3. I was twenty-two, and I had just finished my first novel. It was better than the apoc romance in part 2 above, but not a lot better. This was in the days before Amazon (or the Internet), so I printed the thing out on my dot-matrix printer and had it Cerlox-bound at the copy shop, five copies, one for me, one for my wife, one for my father, one for my mother-in-law, and one just in case someone  wanted one. No one ever did. It was the last work of more than thirty pages I produced for twenty years. I simply stopped writing. Oh, I meant to write. I thought about writing. I jotted down story ideas, even wrote a couple of shorts (which WON CONTESTS), but didn't go after it with any discipline. It wouldn't work, anyway. I couldn't really become an author. Success requires that you believe you can win, and do something about it. I did nothing, because I couldn't succeed. And look, for twenty years, I was right.

4. Fast forward twenty years to four years ago. I had a dream that got me off my duff and made me write, characters that wouldn't leave me alone. Finished the novel. It was a lot better than anything I'd written before, and I thought I should start shopping it. Accordingly, I entered a biggish Twitter pitch contest. I did next-to-no work on my pitch, and not much more editing the first pages of the novel. I got absolutely nothing from that except crickets. I didn't deserve any better, honestly. My pitch was painful. My pages needed hard-core edits. I thought I was pretty good, because hey, I'd finished a novel! Guess what? That didn't make me special. I felt aggrieved and unmotivated for months because of that. The craft will be obeyed. It's worth respecting how hard it is to write well, and do the work to get better.

5. A year later, LDStorymakers 2013. I was ready--I thought--to get serious about this writing thing. It seemed to me that Storymakers was the place to do that. Problem was, the conference was a disaster. Work melted down while I was there, and I spent nearly the whole time outside in the hall on the phone. I felt like a complete fake, taking up space real writers could have been using. So I quit. Right there in the Provo Marriott, I quit writing. I gave up the ridiculous hobby, and began to adult the way my mother had been telling me I should, focusing all my time and energy on my business, and finally abandoning the idea that I should be a writer.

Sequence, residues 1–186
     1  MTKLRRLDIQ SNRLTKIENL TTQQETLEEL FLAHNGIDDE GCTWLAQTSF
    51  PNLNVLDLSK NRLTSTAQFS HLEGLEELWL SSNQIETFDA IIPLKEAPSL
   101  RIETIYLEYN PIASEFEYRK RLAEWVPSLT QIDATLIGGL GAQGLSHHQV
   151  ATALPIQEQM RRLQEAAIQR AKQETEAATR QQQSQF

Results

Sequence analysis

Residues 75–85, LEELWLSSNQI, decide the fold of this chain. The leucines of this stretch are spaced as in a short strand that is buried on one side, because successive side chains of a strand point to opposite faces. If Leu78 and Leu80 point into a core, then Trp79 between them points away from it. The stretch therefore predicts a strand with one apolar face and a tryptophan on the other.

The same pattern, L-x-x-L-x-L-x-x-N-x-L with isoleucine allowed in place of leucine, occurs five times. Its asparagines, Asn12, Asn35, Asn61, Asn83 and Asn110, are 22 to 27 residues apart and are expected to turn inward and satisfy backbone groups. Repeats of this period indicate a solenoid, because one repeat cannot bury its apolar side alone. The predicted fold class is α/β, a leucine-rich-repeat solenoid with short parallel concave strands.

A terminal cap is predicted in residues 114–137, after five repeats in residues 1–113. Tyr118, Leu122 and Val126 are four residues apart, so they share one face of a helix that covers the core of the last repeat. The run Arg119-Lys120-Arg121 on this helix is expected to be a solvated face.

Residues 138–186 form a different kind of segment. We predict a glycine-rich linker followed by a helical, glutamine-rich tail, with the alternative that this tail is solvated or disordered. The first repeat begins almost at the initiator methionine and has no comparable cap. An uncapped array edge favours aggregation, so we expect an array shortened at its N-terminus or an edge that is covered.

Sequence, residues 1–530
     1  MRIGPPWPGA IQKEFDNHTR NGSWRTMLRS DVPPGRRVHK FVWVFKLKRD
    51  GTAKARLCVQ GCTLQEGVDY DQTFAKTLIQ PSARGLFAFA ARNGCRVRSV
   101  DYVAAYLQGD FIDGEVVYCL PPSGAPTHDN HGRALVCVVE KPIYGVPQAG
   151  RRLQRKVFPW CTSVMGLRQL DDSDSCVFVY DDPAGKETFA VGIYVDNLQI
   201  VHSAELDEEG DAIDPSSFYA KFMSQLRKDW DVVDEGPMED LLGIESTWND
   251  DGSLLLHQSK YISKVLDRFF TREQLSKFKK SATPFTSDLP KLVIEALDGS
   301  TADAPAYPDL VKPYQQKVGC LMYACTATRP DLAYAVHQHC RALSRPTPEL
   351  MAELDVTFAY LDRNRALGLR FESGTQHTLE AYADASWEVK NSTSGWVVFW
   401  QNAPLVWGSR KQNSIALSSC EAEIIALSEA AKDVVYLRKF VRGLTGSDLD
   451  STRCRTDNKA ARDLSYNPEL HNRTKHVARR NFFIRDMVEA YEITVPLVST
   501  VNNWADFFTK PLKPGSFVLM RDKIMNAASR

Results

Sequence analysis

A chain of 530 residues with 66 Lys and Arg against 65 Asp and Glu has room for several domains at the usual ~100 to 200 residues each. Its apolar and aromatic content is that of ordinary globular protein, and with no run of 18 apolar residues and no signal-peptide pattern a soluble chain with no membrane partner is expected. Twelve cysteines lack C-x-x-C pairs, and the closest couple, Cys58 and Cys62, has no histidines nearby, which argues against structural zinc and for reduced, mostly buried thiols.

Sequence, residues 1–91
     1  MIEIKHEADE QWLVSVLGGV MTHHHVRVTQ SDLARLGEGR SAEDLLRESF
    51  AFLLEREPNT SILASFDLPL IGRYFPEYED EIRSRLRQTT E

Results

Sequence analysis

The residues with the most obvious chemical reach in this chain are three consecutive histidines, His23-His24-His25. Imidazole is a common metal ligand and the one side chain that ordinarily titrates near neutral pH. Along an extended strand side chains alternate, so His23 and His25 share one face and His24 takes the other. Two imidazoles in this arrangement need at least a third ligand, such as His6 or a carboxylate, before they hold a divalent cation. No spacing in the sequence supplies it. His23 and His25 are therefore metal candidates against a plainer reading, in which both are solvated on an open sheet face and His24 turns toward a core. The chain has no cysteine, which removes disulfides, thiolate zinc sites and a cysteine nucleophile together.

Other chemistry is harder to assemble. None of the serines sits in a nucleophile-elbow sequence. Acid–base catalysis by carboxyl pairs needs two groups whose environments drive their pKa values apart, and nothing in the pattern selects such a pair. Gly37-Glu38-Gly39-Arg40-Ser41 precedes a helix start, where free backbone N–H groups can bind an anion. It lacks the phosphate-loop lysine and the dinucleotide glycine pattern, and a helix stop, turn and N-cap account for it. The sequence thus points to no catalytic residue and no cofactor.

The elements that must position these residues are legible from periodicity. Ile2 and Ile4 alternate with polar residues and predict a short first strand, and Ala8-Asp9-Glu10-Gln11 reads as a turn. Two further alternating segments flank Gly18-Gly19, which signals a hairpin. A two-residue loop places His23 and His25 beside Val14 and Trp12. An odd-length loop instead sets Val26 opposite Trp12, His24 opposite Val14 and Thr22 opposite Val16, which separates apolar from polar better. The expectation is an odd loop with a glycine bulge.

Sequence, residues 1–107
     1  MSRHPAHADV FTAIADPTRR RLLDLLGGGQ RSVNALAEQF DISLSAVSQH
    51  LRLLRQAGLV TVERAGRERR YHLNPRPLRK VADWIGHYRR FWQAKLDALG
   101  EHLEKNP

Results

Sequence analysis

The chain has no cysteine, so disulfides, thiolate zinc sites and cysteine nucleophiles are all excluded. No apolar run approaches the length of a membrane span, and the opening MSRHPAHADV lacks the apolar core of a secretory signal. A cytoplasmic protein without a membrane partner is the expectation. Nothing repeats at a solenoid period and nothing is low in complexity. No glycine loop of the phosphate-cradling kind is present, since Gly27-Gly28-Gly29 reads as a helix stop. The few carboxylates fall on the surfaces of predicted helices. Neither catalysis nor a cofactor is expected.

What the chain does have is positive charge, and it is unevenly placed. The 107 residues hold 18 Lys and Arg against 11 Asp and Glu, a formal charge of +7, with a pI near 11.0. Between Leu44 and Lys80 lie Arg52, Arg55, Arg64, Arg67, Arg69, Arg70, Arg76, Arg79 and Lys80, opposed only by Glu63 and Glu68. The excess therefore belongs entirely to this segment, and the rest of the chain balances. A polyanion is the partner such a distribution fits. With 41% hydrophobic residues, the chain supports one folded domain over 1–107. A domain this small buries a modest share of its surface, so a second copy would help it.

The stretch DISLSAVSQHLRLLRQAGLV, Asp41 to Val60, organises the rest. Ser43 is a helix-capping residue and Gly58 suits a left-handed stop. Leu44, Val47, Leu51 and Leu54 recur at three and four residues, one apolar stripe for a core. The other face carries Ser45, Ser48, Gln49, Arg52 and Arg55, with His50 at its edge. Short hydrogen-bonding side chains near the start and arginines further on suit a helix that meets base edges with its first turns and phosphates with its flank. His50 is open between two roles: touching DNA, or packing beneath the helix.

That was the worst decision of my life.

In every way you can think of--psychologically, financially, personally, grammatically--that year was a total catastrophe. I've never been so miserable. I made no money. My business shredded itself. When Storymakers 2014 came around, I was so broke that I couldn't have gone if I'd wanted to. And I discovered that I did want to, desperately. Never deny the truth about yourself. It doesn't make things better.

And the success? That was the weekend I became a professional. I started writing every day. Finishing and shipping stories. Discharging my commitments, including those to my writing. I practiced my craft. I worked HARD. I wrote a million words in sixteen months. I finished six novels. I entered contests, and I won them. I made money. I published.

It took me thirty-five years from #1 to #5. You are not too old. You are not hopeless. I did it, and you can, too. I'm failing harder than ever before now, and it's awesome.

  

Links:


Patreon (where the real magic happens): patreon.com/cjlehi
Central book page on my website: iamchrisjones.com/books/
Twelve Upon a Time: (fourteen original fairy tales) bit.ly/TwelveUponATime
And the Kitchen Sink: bit.ly/andthekitchensink
Mastering the Six Channels of Marketing: bit.ly/EvenYourMother

Talking So People Can Hear: bit.ly/TalkingSo